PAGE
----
Nancy Salgado of Chicago has been working at the fast food chain for ten years and makes $8.25 per hour. Salgado asked about getting assistance to pay for groceries, heating and medical expenses for her sister, and said she was recording the call for her sister.
The operator told Salgado she "definitely should be able to qualify for both food stamps and heating assistance," without even asking how much she made per hour or how many hour per week she worked, though Salgado mentioned she was "full time."
The representative listed resources in Chicago including food pantries and a heating assistance program.
McDonald's said in a statement that "the McResource Line is intended to be a free, confidential service to help employees and their families get answers to a variety of questions or provide resources on a variety of topics including housing, child care, transportation, grief, elder care, education and more."
Franchise owners need to pay for the McResource service in order for their employees to use it, but even though Salgado's franchise owner had not paid, she was was able to call the line.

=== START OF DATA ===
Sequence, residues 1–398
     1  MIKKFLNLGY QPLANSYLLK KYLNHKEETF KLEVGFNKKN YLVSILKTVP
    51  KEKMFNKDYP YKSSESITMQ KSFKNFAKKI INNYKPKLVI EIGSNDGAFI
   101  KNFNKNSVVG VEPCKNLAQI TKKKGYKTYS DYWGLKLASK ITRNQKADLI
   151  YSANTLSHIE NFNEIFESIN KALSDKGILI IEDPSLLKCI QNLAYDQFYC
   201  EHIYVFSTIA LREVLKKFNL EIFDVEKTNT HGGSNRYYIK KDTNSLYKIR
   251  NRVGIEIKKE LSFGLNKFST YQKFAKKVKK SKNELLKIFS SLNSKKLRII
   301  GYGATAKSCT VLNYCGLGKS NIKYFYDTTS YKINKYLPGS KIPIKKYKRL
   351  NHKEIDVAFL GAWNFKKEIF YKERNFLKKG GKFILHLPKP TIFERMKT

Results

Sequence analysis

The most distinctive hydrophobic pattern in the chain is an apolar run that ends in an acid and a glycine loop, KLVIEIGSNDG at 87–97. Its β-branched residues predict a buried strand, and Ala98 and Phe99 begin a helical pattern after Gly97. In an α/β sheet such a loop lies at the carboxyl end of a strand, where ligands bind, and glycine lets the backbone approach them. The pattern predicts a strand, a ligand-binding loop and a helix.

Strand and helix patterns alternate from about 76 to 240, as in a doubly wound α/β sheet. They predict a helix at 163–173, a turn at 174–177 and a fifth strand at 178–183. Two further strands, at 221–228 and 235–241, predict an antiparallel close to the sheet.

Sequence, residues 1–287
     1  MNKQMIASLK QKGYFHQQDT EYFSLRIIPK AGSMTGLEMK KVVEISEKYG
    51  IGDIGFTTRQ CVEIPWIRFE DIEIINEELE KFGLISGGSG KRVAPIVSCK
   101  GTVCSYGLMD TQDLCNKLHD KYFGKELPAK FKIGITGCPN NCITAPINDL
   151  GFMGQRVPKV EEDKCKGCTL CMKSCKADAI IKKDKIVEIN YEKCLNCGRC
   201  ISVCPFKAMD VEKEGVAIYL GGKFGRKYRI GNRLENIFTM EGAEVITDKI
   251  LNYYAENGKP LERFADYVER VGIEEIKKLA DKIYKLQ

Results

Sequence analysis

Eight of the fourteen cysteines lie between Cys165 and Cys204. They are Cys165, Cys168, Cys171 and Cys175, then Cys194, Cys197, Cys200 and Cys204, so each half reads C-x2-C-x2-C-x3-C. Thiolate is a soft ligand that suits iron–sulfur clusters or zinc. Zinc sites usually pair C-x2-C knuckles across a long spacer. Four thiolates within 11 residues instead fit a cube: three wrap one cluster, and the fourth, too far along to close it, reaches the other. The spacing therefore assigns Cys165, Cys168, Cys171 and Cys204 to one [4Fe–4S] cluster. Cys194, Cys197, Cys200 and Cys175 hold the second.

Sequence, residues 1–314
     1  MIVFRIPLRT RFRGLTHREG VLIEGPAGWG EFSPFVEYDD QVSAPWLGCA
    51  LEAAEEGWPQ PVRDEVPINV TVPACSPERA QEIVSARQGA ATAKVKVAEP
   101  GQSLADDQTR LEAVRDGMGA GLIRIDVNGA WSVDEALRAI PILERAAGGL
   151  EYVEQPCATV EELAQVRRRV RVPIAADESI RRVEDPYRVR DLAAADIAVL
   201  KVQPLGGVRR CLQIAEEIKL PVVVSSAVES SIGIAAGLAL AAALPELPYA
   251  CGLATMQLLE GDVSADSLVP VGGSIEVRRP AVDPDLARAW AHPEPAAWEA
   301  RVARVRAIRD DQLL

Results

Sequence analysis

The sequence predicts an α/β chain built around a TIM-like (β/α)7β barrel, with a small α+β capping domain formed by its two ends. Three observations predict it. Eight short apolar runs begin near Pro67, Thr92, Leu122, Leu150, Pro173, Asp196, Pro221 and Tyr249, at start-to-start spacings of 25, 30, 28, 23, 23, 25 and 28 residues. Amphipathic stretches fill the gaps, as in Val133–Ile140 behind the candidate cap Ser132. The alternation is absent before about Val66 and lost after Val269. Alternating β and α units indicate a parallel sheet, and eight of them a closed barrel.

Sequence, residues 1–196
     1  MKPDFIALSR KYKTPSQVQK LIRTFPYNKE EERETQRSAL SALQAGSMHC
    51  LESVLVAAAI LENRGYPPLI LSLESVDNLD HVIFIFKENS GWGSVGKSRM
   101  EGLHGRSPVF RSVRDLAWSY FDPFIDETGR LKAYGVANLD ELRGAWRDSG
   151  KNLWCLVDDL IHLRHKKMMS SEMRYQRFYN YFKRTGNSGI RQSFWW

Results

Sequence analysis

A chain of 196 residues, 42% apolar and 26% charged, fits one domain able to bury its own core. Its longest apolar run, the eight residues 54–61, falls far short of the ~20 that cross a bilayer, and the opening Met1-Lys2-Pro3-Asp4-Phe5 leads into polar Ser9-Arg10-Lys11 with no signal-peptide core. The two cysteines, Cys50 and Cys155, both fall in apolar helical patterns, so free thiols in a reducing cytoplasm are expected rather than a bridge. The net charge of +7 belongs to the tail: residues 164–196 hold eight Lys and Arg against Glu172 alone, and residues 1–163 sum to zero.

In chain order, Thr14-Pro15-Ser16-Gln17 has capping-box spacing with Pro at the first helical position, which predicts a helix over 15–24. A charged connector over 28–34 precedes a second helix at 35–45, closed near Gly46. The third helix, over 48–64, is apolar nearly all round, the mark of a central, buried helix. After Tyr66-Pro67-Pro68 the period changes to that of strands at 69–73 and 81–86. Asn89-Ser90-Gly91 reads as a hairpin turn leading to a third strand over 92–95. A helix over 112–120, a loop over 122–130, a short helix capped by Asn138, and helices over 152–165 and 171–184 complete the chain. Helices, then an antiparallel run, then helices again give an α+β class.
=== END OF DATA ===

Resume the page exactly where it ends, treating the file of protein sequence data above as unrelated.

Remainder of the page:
The operator said that none of the Chicago franchises had paid for it. "We can be a good program," the operator said. "We can do a lot of the leg work that takes a lot of the stresses off of you making a million phone calls trying to find services."
The recorded call was released just a week after a major report found that more than half of fast food workers rely on public assistance programs, costing taxpayers some $7 billion per year.
A separate report that same day found McDonald's alone was responsible for $1.2 billion of that public cost.
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